Skip to main content

2022 – the Year Ahead Living With COVID Variants – More Mini-Cycles Transitory or Persistent – How Long Will Inflation Take to Return to Low 2%?

Date Posted: December 2, 2021

Living With COVID Variants — Both Long-Lasting and More Mini-Cycles

The economic outlook for 2022 and its future path depends, in part, on the likelihood of unpredictable breakouts of new COVID strains such as Delta and Omicron. Such outbreaks will lead to more mini-cycles. At the same time, we continue to live with the impact of earlier COVID strains (see Figure 1).

Figure 1

Waves of Variants in the U.S.

No alt text provided for this image

Source: N.Y. Times

Transitory or Persistent — How Long Will It Take Inflation to Return to Low 2%? — Supply – Goods and Labor Key

Over ten months, beginning in the spring of 2020, Congress authorized three income replacement acts, sending checks totaling roughly 25% of U.S. GDP to American families, businesses, and state and local governments. With that, consumer demand accelerated as rapidly as a Tesla Series S plaid sedan using launch control. As a result, according to an Oxford economics forecast, consumer spending will likely increase about 8% in 2021, producing the fastest growth for consumer spending since World War II (see Figure 2). The resulting accelerated aggregate demand for products and components, unmet by limited supplies of goods and labor, produced the higher inflationary pressures we now face. How long it takes for supplies of goods and labor to catch up will determine when inflation consistently returns to the mid-low 2% level. That timeline will determine whether inflation proves transitory or not. 

Figure 2

Consumer Spending Since WWII (% Change)

No alt text provided for this image

Slowing Second Half 2022 GDP Should Moderate Goods Inflation

With record increases in consumer spending on goods, supply chains choked up and continue to hamper inventory rebuilding. Morgan Stanley’s research forecasts that real private inventory levels will not recover to pre-pandemic levels during 2022 (see Figure 3). At the same time, moderating GDP growth, likely in the second half of 2022, will likely pull back pressures from durable goods inflation — particularly compared to the 2021 base (see Figure 4). With that, inflationary pressures from the shortage of durable goods inventories will likely begin to subside sometime in 2022. 

Figure 3

Cumulative Shortfall in Real Private Inventories ($Bn)

No alt text provided for this image

Figure 4

Bloomberg U.S. Consensus Estimates 2022

No alt text provided for this image

Excess Ordering of Parts Could Lead to An Inventory Glut and Downward Inflationary Pressures

Unavailability of parts, components, and finished goods in 2020-21 more than likely forced many businesses to seek out secondary and tertiary sources to meet their needs. If supply chains loosen up in 2022, inventory gluts may arise when over-ordered supplies finally show up. Potential excess inventories would then lead to price-cutting and one-time inventory write-downs at year-end 2022. Both would lead to downward pressures on inflation.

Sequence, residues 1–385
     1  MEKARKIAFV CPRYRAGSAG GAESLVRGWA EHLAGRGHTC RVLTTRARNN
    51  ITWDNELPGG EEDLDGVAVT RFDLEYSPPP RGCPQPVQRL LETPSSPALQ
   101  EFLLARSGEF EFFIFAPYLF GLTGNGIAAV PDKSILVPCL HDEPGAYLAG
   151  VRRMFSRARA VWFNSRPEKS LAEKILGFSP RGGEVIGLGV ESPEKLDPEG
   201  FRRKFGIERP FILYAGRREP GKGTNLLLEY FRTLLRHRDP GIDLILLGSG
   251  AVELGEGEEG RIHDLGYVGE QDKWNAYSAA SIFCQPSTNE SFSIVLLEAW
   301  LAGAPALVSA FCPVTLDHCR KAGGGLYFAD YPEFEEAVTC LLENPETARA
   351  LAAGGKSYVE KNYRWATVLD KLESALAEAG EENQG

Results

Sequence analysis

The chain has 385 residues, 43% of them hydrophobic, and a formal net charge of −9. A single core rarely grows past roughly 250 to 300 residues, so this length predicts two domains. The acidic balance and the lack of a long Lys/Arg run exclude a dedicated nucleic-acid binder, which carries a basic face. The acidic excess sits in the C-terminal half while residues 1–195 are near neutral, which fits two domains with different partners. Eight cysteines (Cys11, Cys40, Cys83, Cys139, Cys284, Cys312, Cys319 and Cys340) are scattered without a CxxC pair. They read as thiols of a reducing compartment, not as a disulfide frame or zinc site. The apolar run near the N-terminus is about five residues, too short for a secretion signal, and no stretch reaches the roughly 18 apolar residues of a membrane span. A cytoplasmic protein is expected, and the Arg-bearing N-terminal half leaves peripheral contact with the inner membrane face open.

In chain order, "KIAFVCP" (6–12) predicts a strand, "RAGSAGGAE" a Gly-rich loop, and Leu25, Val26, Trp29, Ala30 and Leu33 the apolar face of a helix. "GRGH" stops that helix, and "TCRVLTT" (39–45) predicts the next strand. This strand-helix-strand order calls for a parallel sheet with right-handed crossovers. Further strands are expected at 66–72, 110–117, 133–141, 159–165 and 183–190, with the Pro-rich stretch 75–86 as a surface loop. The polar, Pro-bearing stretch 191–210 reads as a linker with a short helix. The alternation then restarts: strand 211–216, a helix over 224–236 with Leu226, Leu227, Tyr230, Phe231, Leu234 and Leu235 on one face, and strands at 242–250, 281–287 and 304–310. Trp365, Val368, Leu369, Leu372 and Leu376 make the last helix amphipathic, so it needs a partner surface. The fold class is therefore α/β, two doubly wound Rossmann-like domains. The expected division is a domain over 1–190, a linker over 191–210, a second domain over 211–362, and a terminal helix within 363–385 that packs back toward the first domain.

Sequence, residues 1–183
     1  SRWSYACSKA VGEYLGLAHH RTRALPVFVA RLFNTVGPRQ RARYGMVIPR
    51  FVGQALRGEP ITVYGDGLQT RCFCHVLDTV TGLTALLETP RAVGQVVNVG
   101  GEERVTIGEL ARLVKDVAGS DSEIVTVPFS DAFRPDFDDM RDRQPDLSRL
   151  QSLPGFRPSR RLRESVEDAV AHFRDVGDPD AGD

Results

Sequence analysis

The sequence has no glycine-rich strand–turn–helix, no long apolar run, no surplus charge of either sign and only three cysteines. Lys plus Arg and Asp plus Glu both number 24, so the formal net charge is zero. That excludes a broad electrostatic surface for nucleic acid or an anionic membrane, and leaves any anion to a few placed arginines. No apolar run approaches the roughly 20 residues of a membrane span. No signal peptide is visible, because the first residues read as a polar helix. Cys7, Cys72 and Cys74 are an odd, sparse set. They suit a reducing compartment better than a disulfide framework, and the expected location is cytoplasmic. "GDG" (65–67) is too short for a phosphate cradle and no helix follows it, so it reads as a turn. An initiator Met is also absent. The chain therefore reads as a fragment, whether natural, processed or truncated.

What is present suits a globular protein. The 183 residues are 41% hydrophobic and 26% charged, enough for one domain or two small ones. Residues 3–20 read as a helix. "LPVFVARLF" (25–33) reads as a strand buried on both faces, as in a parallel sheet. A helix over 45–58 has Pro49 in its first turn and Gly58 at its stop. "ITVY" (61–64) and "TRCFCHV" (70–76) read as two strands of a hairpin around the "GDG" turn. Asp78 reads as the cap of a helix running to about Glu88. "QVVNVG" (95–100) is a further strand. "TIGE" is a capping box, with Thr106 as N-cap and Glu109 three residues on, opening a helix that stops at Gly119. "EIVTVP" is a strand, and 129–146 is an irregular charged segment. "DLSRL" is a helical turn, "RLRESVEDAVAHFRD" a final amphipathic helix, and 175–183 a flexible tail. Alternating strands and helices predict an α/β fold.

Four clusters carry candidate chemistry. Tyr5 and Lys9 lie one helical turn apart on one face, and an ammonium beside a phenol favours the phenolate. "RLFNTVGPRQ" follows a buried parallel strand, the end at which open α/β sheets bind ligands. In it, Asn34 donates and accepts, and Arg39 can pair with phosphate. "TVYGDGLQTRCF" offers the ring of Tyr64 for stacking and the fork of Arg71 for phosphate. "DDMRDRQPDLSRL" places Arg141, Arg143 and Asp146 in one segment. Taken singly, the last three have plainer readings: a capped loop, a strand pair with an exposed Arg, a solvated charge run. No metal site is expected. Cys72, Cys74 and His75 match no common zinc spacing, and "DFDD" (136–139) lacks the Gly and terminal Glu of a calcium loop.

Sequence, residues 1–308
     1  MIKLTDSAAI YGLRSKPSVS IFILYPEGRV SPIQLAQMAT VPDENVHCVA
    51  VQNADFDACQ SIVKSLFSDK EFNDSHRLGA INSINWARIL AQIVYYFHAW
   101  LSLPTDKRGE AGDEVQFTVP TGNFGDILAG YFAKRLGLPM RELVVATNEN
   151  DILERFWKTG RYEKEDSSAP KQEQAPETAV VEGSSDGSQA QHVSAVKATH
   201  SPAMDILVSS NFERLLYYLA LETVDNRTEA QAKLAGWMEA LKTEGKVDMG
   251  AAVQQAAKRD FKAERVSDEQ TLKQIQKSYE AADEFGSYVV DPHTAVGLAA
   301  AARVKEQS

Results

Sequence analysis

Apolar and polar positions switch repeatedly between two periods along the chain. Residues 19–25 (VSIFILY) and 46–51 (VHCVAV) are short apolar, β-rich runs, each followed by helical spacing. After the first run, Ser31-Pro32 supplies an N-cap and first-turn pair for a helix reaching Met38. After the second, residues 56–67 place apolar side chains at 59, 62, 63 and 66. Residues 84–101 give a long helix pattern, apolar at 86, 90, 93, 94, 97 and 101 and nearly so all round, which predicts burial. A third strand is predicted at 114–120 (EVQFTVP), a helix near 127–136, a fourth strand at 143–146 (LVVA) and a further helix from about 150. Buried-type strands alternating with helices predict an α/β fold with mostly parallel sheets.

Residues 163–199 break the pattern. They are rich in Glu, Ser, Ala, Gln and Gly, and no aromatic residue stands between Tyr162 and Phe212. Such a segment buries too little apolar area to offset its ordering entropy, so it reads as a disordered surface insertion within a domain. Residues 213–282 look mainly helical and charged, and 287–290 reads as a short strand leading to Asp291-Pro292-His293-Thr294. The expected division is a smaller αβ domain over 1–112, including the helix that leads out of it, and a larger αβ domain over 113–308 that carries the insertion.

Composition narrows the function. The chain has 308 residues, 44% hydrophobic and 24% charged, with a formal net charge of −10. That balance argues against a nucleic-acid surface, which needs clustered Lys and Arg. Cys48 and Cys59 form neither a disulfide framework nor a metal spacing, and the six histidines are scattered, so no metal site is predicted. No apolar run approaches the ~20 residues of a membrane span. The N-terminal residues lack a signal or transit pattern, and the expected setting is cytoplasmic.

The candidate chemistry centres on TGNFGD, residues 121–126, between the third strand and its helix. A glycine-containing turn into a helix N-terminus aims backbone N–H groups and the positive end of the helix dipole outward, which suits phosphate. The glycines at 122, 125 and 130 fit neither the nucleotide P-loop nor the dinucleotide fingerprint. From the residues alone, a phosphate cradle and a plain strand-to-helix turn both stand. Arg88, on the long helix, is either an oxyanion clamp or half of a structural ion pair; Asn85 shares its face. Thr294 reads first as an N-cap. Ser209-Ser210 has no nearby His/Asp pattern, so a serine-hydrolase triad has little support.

Home Construction Underbuilding – -Shortfall of Supply

The outlook for shelter supply and labor costs will likely contribute to more persistent inflationary pressures than durable goods during 2022 – and possibly longer. Before the 2000s, a more typical period, home construction grew 1.78% annually. In comparison, during the past decade, home construction grew just 0.78% annually. Therefore, based on U.S. household growth, the underbuilding gap in the past 12 years (2008-2020) totaled 7.2 million housing units — leading to increasing shelter costs. Underbuilding and long-term housing needs should prove positive for those companies constructing new homes and those supplying to the home improvement market.

Figure 5

Growth U.S. Housing Stock

No alt text provided for this image

Source: U.S. Census, Rosen Consulting Group

Rapidly Increasing Shelter Costs Could Prove a Persistent Influence on Inflation For 2022

Shelter costs — rents and owners’ equivalent rent (housing) — contribute roughly 35% to Consumer Price Index (CPI) weightings and about 15% to the Personal Consumption Expenditures price index (PCE). Historically, higher shelter prices lead their impact on these two price indices by nearly two years. Therefore, shelter price increases in 2021 should influence the CPI and, to a lesser extent, the PCE in 2022 and 2023 (see Figure 6). 

Figure 6

Housing Prices Lead Time into Inflation

No alt text provided for this image

Source: Case Shiller, BLS,

Higher Housing Affordability Pressures Could Lead to Higher Wage Demands 

More specifically, since the beginning of the year, rents have increased by over 16%. Admittedly, current rent increases reflect the period past the COVID rent moratorium. Despite that, the Apartment List National Rent Report shows that the actual national medium rent increases exceeded their pre-pandemic rent trend (see Figure 7). Similar to rents, home price increases reached new highs in 2021. According to FNMA, median new home prices have increased 17% this year, while existing home prices have increased nearly 18%. By 2022, FNMA forecasts median new and existing home prices will increase by over 11%. Rapidly rising shelter costs bring housing affordability pressures on the average worker. Such pressures will likely lead to higher wage demands – influencing prices and thereby 2022 inflation.

Figure 7

Apartment List National Medium Rent

No alt text provided for this image

Unusual Mix of Labor Market Supply and Demand Leads to Fastest Rise in U.S. Employment Cost Index in a Decade